“Ingenious. Humorous. Wonderful.”—Lee Child
A gripping and timely novel that follows Sigrid—the dry-witted detective from Derek B. Miller's best-selling debut Norwegian by Night—from Oslo to the United States on a quest to find her missing brother
She knew it was a weird place. She’d heard the stories, seen the movies, read the books. But now police Chief Inspector Sigrid Ødegård has to leave her native Norway and actually go there; to that land across the Atlantic where her missing brother is implicated in the mysterious death of a prominent African American academic—America.
Sigrid is plunged into a United States where race and identity, politics and promise, reverberate in every aspect of daily life. Working with—or, if necessary, against—the police, she must negotiate the local political minefields and navigate the backwoods of the Adirondacks to uncover the truth before events escalate further.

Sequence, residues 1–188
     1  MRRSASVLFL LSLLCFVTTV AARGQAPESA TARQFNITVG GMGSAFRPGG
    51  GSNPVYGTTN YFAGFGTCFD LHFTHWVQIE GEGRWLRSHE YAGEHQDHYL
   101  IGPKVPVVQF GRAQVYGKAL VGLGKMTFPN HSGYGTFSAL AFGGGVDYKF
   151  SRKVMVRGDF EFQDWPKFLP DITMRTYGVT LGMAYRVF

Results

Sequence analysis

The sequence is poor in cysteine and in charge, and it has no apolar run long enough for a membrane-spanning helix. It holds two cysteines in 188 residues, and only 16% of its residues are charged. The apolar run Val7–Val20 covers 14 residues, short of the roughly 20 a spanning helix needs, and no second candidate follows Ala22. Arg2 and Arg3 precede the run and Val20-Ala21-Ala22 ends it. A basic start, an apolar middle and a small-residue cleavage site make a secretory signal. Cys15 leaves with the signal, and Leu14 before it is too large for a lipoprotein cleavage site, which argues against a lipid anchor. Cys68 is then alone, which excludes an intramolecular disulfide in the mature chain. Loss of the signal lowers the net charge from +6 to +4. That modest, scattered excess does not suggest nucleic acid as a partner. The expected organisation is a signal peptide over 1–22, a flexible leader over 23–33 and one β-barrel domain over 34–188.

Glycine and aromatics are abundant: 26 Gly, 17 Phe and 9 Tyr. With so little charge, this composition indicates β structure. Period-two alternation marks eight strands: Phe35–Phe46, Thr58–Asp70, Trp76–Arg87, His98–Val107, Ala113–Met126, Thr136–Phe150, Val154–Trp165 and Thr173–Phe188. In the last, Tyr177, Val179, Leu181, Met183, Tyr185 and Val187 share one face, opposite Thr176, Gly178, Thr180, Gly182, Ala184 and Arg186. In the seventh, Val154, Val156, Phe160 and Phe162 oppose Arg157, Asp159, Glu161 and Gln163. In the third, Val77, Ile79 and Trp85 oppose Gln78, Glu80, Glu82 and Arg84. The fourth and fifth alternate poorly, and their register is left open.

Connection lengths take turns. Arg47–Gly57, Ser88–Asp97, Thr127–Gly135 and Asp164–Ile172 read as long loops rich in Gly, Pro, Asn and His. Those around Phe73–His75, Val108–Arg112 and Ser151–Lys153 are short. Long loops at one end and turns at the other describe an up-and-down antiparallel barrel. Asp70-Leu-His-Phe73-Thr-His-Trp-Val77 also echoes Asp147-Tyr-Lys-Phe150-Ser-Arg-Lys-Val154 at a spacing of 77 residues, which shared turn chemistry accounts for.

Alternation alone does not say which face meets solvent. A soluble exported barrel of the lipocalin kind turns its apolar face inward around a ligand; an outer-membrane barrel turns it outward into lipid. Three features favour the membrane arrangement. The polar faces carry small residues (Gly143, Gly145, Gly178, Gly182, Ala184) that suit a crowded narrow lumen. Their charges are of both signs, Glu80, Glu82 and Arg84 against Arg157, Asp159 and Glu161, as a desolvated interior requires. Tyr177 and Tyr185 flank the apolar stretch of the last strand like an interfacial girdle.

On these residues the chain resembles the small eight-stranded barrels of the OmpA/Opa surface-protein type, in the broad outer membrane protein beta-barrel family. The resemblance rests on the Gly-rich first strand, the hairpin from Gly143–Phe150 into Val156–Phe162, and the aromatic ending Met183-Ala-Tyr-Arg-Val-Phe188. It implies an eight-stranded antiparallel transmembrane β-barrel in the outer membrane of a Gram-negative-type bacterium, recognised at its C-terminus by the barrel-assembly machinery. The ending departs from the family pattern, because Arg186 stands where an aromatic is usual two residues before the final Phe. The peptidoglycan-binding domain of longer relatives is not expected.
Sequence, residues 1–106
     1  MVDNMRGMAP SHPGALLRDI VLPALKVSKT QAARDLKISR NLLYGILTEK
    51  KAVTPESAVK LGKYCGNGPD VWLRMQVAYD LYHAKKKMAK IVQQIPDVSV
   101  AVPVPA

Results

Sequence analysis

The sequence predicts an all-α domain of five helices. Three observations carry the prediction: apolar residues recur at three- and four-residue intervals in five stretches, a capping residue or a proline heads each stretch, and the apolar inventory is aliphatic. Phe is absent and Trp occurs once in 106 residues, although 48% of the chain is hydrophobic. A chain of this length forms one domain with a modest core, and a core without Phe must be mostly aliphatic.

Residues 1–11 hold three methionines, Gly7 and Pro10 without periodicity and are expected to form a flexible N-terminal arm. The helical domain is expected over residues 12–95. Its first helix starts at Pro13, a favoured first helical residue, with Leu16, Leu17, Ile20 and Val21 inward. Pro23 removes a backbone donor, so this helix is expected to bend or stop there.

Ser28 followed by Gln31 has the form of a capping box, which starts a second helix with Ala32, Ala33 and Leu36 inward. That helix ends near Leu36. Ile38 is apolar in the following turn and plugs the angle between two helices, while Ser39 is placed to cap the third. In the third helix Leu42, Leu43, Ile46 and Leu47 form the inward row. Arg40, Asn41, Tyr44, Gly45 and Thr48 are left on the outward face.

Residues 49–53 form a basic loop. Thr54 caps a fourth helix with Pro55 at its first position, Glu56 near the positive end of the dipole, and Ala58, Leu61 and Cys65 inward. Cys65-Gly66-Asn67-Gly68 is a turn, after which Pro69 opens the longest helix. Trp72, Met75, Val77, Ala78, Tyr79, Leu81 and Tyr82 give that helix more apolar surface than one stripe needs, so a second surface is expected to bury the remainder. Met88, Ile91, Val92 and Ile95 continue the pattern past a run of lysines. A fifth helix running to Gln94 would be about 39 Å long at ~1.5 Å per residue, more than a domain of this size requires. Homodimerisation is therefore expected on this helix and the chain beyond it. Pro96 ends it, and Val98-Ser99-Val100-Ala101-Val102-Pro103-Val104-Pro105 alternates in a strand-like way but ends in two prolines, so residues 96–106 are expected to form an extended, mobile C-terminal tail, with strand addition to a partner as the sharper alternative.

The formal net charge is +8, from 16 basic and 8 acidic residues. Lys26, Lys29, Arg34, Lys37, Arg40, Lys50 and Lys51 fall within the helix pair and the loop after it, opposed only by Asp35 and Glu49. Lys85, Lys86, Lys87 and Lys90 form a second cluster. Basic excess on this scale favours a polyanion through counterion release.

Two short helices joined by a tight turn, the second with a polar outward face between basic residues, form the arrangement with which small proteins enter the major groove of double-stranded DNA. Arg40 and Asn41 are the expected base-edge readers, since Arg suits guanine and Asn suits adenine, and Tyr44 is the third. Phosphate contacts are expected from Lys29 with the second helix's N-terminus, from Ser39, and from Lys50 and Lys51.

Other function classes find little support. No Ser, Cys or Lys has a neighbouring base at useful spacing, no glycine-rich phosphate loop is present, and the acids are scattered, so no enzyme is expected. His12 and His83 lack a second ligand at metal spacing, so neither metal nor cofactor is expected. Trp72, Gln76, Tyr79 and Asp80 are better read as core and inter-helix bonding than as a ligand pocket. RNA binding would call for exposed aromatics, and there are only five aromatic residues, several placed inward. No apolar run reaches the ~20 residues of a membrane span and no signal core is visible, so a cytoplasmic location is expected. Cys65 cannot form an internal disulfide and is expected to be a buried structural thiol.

Refreshingly funny, slyly perceptive, American by Day is “a superb novel on all levels” (Times, UK).
In the summer of 2008, 40-ish Chief Insp. Sigrid deg rd, the heroine of this outstanding crime novel from Miller (Norwegian by Night), travels from Oslo to upstate New York to look for her missing brother, Marcus. Marcus is the prime suspect in the murder of his African-American lover, Syracuse State University professor Lydia Jones, who was thrown out of the window of a building that Marcus was seen entering shortly before. Damning evidence includes traces of skin under Lydia's fingernails that match Marcus's DNA. A specialist in race relations, Lydia was tormented by the recent death of her nephew, shot by a white policeman. Sigrid soon joins forces with Sheriff Irving Wylie, a former biblical scholar with a deceptively aw-shucks manner. Wylie is quick to rebut her laconic Norse insights on such matters as American individualism and police methodology. Leavened throughout with Miller's wry reflections on Norway's "chronic sense of discontentment," this incandescent expos of European and American mores profoundly entertains and provokes disturbing questions about personal and societal values.